(Mr Cook) There are principles and what we deal with is actual cases that are presented—


  96. This is not hypothetical, Mr Cook. The nature of the railway authority has changed in the last two years. It is not hypothetical.
  (Mr Cook) No, but I do not believe it is appropriate for us to give you answers as to hypothetical mixes of board members for situations that would not actually in practice be presented.

Kali Mountford

  97. Are we not being misled a little here? Is not the answer really what is in the articles? Who was then selected? We have been taken down a winding lane often into the realms of mystery here that I really would rather have avoided. It seems to me it is the articles. They are there; they are matter of fact. What relationship is it to that? Is that what you took account of, or did you go and investigate the background of these people? What did you actually do?
  (Mr Lynch) The articles, of course, the articles.

  98. Perhaps we should stick with the articles.
  (Mr Cook) If people that were appointed were in contradiction to the articles that would lead us to question the very basis of an intent, so discussing the appointment of people who are inconsistent with the articles is moving us into the realms of hypothesis where I do not think we could give you answers that could be helpful.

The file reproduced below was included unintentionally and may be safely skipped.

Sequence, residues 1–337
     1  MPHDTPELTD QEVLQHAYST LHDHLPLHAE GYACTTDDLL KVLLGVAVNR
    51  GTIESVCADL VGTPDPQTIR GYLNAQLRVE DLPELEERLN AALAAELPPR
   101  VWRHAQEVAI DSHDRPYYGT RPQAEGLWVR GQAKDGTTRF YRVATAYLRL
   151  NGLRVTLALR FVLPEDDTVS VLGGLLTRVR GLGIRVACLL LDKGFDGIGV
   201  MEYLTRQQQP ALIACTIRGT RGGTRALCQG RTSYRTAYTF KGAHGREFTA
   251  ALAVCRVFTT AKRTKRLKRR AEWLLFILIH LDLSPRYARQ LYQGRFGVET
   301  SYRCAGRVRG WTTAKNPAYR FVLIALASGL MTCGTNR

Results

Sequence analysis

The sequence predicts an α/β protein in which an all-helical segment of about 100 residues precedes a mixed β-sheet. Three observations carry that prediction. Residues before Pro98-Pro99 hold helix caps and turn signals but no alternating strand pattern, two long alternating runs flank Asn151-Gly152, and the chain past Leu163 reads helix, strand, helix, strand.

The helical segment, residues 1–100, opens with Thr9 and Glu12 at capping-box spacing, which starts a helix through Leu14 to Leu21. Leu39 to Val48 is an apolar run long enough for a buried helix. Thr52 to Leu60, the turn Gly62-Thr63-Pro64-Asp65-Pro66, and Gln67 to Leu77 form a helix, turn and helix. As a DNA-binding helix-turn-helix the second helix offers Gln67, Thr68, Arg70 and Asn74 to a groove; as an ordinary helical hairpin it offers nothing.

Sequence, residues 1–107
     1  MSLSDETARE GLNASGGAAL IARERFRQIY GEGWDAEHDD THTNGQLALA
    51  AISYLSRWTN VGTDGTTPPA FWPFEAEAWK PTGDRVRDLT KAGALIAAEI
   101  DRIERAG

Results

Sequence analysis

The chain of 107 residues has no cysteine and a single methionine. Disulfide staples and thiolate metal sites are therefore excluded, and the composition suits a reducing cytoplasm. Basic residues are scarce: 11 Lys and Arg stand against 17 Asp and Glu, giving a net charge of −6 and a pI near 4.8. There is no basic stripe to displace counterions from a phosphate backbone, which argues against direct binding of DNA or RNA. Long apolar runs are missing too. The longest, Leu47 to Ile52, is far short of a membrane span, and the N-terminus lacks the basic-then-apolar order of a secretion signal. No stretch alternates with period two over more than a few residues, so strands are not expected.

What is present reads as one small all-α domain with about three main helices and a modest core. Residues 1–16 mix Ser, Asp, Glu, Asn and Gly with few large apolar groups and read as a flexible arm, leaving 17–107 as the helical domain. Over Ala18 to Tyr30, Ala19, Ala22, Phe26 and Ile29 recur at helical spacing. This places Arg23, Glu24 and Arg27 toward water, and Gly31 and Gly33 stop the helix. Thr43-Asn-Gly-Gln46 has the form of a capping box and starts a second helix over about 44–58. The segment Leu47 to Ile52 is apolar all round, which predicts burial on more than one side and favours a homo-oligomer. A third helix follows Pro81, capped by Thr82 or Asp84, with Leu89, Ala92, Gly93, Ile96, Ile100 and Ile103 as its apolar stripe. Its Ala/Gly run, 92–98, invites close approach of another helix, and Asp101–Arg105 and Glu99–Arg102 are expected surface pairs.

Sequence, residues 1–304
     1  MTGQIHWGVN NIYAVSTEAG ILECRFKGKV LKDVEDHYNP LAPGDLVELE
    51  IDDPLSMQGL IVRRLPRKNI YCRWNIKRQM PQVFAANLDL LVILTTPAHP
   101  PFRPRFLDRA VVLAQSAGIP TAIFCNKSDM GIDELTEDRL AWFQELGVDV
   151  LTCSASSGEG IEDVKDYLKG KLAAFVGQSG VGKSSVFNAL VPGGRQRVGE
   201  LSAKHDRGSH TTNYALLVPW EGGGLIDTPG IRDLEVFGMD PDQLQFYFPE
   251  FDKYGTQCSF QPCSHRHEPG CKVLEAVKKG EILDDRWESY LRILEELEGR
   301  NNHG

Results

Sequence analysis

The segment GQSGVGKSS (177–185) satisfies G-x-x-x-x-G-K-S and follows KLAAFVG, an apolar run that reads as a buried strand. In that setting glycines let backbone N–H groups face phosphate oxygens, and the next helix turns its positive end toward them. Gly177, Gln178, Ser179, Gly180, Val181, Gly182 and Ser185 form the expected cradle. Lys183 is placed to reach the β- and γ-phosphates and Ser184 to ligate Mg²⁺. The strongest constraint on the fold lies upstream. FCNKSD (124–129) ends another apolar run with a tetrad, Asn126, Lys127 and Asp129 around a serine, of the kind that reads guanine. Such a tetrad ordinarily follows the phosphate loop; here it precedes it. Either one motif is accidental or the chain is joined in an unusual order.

Mr Plaskitt

  99. I want to talk to you about productivity but just before I do that there is an interesting section in your annual report where you talk about modernising the ONS. I just want to read you part of paragraph 53: "The implementation of the re-engineering projects (REPs) will ensure that existing activities are migrated to the new information management environment. Each REP will help bring the IM infrastructure to life and extend it as necessary to meet the needs of ONS. . . . the Neighbourhood Statistics programme . . . is a pathfinder for the infrastructure and will be a key enabler . . . in driving forward the creation of the infrastructure." I could not find a translation of that anywhere in the report. Can you tell me what it means?
  (Mr Cook) What we are doing is creating a common information management environment for the Office for National Statistics.